All that changed with the pope’s visit to Chile. The church there had been convulsed by the discovery that children had been abused by an influential priest for years. It is claimed that many other priests knew or even witnessed what was going on. Among them was Juan Barros, whom Francis made a bishop in 2015 and installed in a southern diocese in the teeth of furious protests from both clergy and congregation. Bishop Barros, who denies the claims, was prominent among the bishops who received Francis on his visit: the two men were photographed embracing; and when Francis was asked on the flight back what he thought of the allegations against the bishop, he replied that they were merely slander, and that he had not seen any proof to back them up.

This was outrageous enough. He later apologised for his language, saying it must have come as “a slap in the face” for survivors. He has sent the Vatican’s chief prosecutor to Chile to reinvestigate the case. But he reiterated his belief in Bishop Barros’s innocence. Now it emerges that an eight-page letter detailing the accusations against the bishop was handed to the pope by Cardinal Sean O’Malley, the man in charge of relations with survivors, who is trusted by both sides.

Either the pope failed to read the letter or he read and then discounted it. Either explanation must damage his reputation, and he has legions of enemies inside the church who want to destroy him. Most of these enemies denounce him for appealing to lay people over the heads of the priesthood, especially when it comes to sexual morality. In the case of Bishop Barros he seems to be committing a dreadful mistake by siding with the clergy and the establishment over the instincts of his flock.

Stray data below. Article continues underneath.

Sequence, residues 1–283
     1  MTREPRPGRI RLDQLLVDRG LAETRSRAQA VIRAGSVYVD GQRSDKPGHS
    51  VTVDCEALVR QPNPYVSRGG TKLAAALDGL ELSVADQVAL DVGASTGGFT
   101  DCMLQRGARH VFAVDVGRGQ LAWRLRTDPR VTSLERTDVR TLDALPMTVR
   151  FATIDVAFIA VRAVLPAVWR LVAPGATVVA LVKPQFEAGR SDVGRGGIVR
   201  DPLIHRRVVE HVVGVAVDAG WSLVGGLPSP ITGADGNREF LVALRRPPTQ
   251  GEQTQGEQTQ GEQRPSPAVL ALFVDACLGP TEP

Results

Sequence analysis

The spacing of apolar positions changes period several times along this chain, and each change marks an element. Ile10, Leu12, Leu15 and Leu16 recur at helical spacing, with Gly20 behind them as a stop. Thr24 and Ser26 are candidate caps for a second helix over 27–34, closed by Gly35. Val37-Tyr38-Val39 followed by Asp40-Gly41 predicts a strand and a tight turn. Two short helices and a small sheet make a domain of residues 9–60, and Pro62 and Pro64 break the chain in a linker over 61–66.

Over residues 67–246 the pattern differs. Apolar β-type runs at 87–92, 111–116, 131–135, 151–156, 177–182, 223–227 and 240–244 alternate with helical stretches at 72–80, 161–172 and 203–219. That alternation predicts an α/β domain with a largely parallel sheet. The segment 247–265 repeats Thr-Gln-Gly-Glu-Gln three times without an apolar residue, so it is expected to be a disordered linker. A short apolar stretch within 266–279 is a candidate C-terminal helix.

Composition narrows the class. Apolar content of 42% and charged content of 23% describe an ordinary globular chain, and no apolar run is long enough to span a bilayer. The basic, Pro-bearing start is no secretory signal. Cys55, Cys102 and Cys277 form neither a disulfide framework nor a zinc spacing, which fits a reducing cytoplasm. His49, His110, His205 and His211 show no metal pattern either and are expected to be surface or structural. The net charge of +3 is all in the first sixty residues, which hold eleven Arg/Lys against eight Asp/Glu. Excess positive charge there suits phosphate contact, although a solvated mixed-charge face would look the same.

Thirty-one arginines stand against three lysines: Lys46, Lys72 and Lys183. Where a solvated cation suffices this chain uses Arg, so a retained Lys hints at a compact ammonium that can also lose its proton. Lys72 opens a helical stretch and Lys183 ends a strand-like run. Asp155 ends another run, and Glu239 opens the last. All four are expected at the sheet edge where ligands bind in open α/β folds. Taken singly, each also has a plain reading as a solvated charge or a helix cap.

Cupich Defends Pope’s Record On Abuse A ‘Catholic Herald Article by Dan Hitchens – With Comments by Brian Mark Hennessy of the Comboni Survivor Group

Cupich Defends Pope’s Record On Abuse

A ‘Catholic Herald Article by Dan Hitchens

Cardinal Cupich called for a ‘paradigm shift’ in pastoral practice and said that the Pope recognised the need to ‘listen’ to abuse survivors.

Cardinal Blase Cupich has defended Pope Francis’s record and called for a “paradigm shift” in Catholic practice. Addressing the Von Hügel Institute at St Edmund’s College, Cambridge, under the title “Pope Francis’ Revolution of Mercy: Amoris Laetitia as a New Paradigm of Catholicity”, Cardinal Cupich called for “a major shift in our ministerial approach that is nothing short of revolutionary”. The hoped-for “paradigm shift”, the cardinal said, would be from an approach focused on “the automatic application of universal principles” to one which is “continually immersed” in “concrete situations”. Vigorous debate has followed the publication of Amoris Laetitia in April 2016, with different cardinals, bishops and theologians advancing varying interpretations. In a question-and-answer session after the cardinal’s lecture, the historian and philosopher Professor John Rist suggested that “the Pope’s ‘paradigm shift’ should be recognised as an attempt, under cover of offering solutions to genuine social problems in Western society, to impose on the Church radical changes of doctrine”. Cardinal Cupich replied that those with such concerns should ask themselves: “Do we really believe that the Spirit is no longer guiding the Church?”